Lyndon B. Johnson: The Exercise of Power

By Rowland Evans; Robert Novak | Go to book overview

Chapter XXV ADVERSITY

Well-rested and strengthened by pulse-feeling back home, the Congress returns to Washington far less docile and far more doubtful than when it left. . . .

-- Time, January 14, 1966

Seldom bad a Washington secret been so closely held on a matter not affecting the national security. When Lyndon Johnson drove up Pennsylvania Avenue the evening of Wednesday, January 12, 1966, to address a joint session of Congress, only four other people in the government knew that his State of the Union Address would propose a constitutional amendment to change the term of House members from two years to four years.

The President was bound and determined to keep it a complete surprise--or else! He warned Attorney General Nicholas de B. Katzenbach, who both drafted the constitutional amendment and would be in charge of guiding it through Congress, to maintain perfect security. If word leaked into the newspapers ahead of time, Johnson warned Katzenbach, he would drop the proposal from his speech and from his program.

Returning to the White House immediately after the speech, Johnson hurried to the wire-service tickers to examine the congressional reaction to his address. To his dismay, be quickly discovered that the four-year House term was under attack from a powerful figure: Representative Emanuel Celler of New York, chairman of the House Judiciary Committee which had life-and-death power over all proposed changes in the Constitution. Mightily annoyed by Celler's opposition, the President telephoned Katzenbach at home late at night. Why didn't you do your homework? he demanded of Katzenbach. Why didn't you bring Manny Celler into camp? Katzenbach patiently replied that the President's insistence on secrecy foreclosed all advance lobbying and this very foreclosure contributed to Celler's opposition. Irritated over not receiving advance notification, Celler felt no compunction about expressing his genuine opposition. His was the first of a fatal series of attacks on the four-year term.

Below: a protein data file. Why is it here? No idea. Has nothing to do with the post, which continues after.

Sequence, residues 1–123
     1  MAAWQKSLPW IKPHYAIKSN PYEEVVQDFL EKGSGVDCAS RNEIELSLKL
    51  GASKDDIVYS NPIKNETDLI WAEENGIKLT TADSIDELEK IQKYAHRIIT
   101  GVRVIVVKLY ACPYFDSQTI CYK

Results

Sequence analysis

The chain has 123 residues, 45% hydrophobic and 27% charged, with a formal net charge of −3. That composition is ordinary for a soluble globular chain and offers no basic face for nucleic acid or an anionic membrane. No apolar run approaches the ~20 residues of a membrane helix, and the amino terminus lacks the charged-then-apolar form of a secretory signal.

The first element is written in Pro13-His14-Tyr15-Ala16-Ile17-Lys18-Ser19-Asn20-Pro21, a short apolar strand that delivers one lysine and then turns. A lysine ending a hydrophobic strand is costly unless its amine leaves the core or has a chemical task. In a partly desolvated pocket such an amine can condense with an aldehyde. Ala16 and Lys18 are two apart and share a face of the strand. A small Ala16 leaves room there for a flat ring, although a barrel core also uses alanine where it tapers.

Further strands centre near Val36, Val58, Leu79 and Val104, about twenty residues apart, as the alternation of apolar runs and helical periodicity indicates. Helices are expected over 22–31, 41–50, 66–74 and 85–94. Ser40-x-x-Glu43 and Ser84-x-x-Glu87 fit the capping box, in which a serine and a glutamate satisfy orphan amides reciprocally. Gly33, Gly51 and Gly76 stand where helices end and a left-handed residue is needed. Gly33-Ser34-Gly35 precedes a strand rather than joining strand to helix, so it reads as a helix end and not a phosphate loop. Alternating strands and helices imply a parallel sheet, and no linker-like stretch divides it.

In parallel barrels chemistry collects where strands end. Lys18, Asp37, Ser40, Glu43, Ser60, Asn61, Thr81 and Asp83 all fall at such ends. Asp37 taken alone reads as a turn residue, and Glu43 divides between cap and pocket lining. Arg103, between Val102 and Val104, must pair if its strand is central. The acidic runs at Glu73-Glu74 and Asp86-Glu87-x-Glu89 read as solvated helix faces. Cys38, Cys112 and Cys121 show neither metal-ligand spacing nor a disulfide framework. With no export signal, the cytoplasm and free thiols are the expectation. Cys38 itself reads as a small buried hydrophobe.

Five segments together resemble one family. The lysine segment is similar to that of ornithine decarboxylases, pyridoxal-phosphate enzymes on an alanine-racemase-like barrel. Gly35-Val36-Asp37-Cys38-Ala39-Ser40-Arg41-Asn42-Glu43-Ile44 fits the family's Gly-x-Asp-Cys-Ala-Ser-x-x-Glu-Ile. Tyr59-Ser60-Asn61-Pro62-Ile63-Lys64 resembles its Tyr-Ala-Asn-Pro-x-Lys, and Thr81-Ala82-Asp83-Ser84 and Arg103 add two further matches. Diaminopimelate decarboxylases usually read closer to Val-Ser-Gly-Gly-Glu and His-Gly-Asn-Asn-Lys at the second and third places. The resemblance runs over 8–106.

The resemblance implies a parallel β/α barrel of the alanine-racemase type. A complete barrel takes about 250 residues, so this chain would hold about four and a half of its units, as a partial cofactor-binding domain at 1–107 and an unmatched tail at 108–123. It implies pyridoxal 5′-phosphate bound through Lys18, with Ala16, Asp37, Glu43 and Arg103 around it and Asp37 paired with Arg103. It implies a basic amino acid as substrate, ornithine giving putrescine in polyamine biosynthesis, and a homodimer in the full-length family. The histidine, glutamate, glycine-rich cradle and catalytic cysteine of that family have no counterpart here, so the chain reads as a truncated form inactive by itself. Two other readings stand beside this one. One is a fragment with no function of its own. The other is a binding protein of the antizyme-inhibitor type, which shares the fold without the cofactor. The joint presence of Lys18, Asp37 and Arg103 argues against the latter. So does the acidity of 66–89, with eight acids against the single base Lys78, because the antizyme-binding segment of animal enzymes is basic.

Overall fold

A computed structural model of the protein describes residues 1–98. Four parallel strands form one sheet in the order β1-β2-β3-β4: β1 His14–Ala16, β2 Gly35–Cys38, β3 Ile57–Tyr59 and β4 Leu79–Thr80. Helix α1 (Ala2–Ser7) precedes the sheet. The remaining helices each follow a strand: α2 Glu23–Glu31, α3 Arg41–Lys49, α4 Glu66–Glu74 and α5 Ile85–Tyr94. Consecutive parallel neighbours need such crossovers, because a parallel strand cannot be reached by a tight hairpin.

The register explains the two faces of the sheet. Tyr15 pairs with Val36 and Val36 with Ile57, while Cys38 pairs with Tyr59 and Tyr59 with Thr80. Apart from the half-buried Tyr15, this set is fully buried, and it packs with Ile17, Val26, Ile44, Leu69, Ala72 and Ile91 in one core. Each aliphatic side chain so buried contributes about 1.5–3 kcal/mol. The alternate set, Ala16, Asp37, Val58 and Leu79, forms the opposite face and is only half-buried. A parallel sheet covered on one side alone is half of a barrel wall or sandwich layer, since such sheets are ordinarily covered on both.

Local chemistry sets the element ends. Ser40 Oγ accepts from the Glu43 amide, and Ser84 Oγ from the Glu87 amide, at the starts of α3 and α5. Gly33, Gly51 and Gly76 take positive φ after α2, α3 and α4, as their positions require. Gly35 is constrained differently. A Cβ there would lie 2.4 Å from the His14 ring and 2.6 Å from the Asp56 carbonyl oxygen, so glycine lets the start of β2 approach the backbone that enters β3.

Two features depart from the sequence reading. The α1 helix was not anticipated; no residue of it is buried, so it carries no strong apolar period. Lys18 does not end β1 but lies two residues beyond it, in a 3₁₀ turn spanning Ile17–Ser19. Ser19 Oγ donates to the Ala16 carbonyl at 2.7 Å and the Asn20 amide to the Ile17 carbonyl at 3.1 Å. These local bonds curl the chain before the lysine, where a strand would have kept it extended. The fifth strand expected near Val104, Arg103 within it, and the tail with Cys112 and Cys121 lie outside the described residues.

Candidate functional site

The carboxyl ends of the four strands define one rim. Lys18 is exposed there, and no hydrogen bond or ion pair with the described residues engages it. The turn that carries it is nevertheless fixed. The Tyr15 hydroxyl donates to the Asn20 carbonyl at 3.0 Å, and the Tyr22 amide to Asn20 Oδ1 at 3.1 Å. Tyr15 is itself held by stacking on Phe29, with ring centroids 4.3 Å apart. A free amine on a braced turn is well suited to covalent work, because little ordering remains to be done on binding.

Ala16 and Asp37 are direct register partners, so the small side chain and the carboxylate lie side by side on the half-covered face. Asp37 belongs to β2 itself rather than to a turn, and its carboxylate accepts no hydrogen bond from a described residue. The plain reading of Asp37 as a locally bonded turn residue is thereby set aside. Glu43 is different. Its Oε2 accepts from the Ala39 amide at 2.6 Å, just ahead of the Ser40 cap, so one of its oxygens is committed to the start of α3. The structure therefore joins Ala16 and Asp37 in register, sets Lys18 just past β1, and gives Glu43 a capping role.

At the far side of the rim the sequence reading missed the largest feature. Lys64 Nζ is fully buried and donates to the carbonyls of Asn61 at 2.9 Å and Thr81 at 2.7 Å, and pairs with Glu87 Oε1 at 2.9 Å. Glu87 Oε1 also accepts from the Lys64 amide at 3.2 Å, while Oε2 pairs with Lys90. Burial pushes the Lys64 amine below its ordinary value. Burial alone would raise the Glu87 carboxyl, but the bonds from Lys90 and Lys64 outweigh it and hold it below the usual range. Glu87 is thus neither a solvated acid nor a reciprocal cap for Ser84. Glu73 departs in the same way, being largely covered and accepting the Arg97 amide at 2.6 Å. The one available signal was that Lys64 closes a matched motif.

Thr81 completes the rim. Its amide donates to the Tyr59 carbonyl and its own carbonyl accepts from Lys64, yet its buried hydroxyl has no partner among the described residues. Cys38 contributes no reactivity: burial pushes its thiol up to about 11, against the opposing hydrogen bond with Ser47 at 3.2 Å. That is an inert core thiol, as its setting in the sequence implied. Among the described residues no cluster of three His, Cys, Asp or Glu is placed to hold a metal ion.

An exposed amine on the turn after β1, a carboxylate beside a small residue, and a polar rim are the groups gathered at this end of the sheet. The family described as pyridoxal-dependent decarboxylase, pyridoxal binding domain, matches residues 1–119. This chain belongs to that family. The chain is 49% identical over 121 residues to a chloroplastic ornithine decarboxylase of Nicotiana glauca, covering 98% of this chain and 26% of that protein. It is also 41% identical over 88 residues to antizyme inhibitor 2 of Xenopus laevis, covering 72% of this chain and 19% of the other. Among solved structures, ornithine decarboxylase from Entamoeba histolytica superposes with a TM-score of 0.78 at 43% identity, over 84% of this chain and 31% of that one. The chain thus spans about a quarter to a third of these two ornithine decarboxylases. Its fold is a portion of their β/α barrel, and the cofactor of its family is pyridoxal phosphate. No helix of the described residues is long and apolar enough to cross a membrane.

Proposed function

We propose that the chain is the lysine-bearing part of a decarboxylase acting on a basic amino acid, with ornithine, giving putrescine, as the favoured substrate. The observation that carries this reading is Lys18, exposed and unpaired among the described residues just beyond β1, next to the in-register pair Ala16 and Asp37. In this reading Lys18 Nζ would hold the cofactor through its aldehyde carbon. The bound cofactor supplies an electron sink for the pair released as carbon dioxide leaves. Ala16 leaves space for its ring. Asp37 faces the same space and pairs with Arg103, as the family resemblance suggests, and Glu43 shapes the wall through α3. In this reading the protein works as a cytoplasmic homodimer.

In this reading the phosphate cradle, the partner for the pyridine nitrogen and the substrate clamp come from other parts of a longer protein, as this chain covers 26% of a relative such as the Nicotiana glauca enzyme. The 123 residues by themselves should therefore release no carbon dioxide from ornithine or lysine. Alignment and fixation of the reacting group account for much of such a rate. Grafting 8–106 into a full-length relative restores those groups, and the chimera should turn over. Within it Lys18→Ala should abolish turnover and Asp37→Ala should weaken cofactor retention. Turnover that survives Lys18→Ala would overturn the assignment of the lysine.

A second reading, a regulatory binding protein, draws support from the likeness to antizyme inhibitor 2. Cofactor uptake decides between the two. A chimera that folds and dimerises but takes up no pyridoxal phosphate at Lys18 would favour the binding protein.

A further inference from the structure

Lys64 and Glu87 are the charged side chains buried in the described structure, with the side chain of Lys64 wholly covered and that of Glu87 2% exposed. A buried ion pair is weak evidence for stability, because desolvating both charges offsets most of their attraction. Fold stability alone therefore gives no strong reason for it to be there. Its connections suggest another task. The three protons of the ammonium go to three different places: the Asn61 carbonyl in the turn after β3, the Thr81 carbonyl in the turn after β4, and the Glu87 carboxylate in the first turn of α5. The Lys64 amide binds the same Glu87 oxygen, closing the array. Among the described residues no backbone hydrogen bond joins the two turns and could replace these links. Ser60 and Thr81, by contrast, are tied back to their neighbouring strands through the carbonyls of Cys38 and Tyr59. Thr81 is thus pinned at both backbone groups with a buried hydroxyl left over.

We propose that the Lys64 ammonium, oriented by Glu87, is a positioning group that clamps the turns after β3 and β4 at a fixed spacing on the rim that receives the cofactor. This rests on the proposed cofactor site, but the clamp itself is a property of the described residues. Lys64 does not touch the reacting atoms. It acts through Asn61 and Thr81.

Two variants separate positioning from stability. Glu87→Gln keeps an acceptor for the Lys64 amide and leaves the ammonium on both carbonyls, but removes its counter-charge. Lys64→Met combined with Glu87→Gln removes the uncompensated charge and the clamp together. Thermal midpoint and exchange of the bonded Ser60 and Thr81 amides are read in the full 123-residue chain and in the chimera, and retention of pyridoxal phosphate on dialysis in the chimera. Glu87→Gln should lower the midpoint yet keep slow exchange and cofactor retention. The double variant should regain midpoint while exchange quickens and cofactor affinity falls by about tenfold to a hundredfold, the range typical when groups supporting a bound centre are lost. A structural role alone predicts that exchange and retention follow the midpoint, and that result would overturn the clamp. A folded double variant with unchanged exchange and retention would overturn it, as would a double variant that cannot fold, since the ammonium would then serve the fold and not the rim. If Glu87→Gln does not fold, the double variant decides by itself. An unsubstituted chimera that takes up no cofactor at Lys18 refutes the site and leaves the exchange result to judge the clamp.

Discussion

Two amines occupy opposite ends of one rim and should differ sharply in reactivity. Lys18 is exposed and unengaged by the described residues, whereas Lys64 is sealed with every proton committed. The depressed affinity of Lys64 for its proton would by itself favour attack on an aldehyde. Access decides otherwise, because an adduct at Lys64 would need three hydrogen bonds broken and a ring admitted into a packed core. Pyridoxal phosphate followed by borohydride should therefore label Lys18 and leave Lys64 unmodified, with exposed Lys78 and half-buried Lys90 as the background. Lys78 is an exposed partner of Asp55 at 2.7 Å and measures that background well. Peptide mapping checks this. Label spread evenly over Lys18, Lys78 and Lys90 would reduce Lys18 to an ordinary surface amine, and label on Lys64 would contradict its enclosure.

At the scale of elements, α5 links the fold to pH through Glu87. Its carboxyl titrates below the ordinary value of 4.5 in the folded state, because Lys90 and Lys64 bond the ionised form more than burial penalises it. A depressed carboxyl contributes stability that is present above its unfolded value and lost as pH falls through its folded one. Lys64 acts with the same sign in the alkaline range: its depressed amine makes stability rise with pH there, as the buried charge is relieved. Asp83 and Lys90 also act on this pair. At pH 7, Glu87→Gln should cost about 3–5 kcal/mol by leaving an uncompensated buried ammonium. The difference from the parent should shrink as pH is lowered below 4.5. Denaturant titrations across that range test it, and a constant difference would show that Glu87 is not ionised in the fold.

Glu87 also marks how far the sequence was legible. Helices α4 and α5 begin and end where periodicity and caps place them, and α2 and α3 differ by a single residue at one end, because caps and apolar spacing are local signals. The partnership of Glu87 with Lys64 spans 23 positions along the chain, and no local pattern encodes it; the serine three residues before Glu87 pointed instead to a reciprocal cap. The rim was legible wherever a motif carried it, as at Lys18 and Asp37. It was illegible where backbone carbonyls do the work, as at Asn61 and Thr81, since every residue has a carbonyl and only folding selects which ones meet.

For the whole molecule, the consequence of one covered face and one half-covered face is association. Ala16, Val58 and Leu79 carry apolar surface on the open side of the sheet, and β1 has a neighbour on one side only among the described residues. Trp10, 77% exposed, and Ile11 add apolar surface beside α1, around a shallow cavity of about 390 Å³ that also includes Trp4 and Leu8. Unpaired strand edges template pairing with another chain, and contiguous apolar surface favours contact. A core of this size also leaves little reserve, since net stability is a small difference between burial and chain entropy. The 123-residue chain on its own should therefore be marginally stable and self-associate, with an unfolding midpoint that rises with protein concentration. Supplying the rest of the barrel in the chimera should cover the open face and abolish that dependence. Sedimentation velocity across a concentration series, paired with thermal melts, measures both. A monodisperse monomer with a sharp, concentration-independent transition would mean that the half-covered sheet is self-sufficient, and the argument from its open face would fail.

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Lyndon B. Johnson: The Exercise of Power
Table of contents

Table of contents

  • Title Page iii
  • Table of Contents v
  • Introduction vii
  • Chapter I - The President 1
  • Chapter II - The Road to the Senate 5
  • Chapter III - Freshman Senator 26
  • Chapter IV - The Leader 50
  • Chapter V - Lbj's Balancing Act 71
  • Chapter VI - The Johnson System 88
  • Chapter VII - The Miracle of '57 119
  • Chapter VIII - The Legislator 141
  • Chapter IX - Lbj Vs. Ike 168
  • Chapter X - Too Many Democrats 195
  • Chapter XI - Love That Lyndon 225
  • Chapter XII - Comedy of Errors 243
  • Chapter XIII - Defeat-- and Emancipation 268
  • Chapter XIV - Campaigning for Kennedy 289
  • Chapter XV - The Vice- President 305
  • Chapter XVI - Let Us Continue 335
  • Chapter XVII - Taming the Congress 360
  • Chapter XVIII - Chief Diplomat 383
  • Chapter XIX - The Great Society 407
  • Chapter XX - Picking a Vice-President 435
  • Chapter XXI - In Search of a Record 464
  • Chapter XXII - Stockpiling Adversity 484
  • Chapter XXIII - The Dominican Intervention 510
  • Chapter XXIV - Vietnam 530
  • Chapter XXV - Adversity 557
  • Source Notes 575
  • Index 578
  • About the Authors 598
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